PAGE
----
Lolo left behind a most unique memento in his passing: a piece of himself. At the age of 39, my mother discovered that she was no longer an only child.
My mom was an only child growing up, and she only had two children: myself and my older brother. And between the two of us, I had convinced myself that I was the favorite apo (grandchild).
My birthday is in May, so every summer during my elementary days, my Lolo would hold a birthday party for me. He would involve the staff at his bus company to organize all the nitty gritty details. One year it was a pool party, the next it was a beach party, and on another it was within the vicinity of his company's main office.
Since most of my friends were in Manila, my guests had always been the children and apos of his staff and bus drivers. Although I loved being the center of attention at the party, as a child I hated the fact that I never received any birthday presents. But every time I made a sullen face, Lolo would always sit me on his lap and tell me that these children had probably never been invited to a party this big, much less be able to eat the kinds of food we served.
He would always stress that there is a level of responsibility tied to being privileged. He would tell me that when you have the ability to give, you should never expect anything in return. He would tell me that kindness, generosity, and love cost people nothing, so why not just give it without hesitation?
Lolo gave me bits of surprising insight even at a young age, but perhaps his biggest, most surprising insight came a few years later. It was definitely a shock to everyone in the family that my mom had a newborn half-sister, and that my brother and I had an aunt younger than us. I was 10 when she was born, and I knew instantly the moment I saw her, that even though I would always be the favorite apo, I would no longer be Lolo’s baby girl.
In the beginning, I thought it was weird to have this addition to the family and was confused about how to treat her. And then, Lolo developed Parkinson’s disease, and as I watched him grow weaker, I saw him less and less able to become a father to the newest member of our family. He could not carry her or feed her or even drive her to school. But I knew he loved her, probably more so than he did me.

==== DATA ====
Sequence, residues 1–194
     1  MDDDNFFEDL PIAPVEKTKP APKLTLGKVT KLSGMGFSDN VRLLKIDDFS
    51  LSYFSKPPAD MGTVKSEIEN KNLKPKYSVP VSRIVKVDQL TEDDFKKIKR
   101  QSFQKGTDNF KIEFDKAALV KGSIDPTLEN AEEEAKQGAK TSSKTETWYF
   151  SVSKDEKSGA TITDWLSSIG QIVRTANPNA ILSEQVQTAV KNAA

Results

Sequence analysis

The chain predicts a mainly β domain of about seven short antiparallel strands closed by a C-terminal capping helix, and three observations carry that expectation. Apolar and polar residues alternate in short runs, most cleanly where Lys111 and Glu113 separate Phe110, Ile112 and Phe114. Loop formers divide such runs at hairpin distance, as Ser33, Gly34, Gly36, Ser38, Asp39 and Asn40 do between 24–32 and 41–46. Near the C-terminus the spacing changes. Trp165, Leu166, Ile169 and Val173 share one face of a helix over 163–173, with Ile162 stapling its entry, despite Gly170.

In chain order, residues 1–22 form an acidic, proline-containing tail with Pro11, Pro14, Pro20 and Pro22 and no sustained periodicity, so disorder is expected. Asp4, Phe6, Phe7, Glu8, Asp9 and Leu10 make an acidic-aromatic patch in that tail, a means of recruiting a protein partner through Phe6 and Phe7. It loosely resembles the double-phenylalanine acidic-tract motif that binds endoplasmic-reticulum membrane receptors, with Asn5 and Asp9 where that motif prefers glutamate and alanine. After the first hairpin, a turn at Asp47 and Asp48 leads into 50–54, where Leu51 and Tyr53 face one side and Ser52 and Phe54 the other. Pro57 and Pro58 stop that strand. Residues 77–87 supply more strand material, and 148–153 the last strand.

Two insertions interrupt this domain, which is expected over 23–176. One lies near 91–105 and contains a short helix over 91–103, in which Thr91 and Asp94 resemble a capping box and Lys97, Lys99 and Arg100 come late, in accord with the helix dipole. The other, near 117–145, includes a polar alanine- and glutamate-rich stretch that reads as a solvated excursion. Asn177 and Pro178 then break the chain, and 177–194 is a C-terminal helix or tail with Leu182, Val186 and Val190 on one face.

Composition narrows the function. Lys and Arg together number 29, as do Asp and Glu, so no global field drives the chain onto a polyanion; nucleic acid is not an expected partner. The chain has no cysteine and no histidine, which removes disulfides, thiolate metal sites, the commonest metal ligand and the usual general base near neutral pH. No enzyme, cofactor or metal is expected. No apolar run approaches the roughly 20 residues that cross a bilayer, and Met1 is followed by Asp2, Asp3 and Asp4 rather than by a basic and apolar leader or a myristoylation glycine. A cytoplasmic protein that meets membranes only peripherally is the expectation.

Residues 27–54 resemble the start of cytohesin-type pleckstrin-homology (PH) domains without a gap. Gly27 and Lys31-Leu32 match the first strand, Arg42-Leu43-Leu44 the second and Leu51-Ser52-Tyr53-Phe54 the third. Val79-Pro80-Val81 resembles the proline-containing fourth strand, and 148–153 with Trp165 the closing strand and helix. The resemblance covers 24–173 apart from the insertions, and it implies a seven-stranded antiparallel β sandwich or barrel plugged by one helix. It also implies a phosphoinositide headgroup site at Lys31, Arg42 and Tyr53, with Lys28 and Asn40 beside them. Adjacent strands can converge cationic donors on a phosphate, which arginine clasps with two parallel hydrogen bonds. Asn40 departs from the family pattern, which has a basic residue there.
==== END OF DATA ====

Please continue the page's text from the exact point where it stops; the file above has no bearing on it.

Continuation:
Eventually, my jealousy turned into guilt, because I realized she wouldn’t be able to experience the kind of love I felt from Lolo. I took it upon myself to care for her and show her the love she deserved to feel from our Lolo-Dad. In time, she was no longer my mom’s sister, but mine. I’m sure he had meant to fashion a piece of himself in this little girl so that every time we see her smile, we would see him. She’s our everyday reminder of the incredible things love can make.
Seven years ago, our Lolo-Dad passed away. On his deathbed were his family, his staff, his staff’s children, and every single person whose life he touched one way or another. It was then that I realized that there is one thing you can give in magnitude where there is always something in return: love. All the love you've given in your lifetime will come back to you eventually.
Our Lolo-Dad had been the epitome of love so much that I believe God took him back on Valentine’s Day on purpose. That is why every year on the 14h of February, we don’t mourn. Instead, we celebrate love. We celebrate his love and his colorful, love-filled life. – Rappler.com
Caryl Ambrocio has a double major degree in English and Management from the University of Aberdeen in Scotland, and is an unbelievable nerd. She has been writing since she was 7; loves reading bildungsroman novels; jumps the bandwagon in watching popular series, films and anime; has crossed out 16 countries in her travel bucketlist; and regularly complements her nerdiness with her addiction to makeup.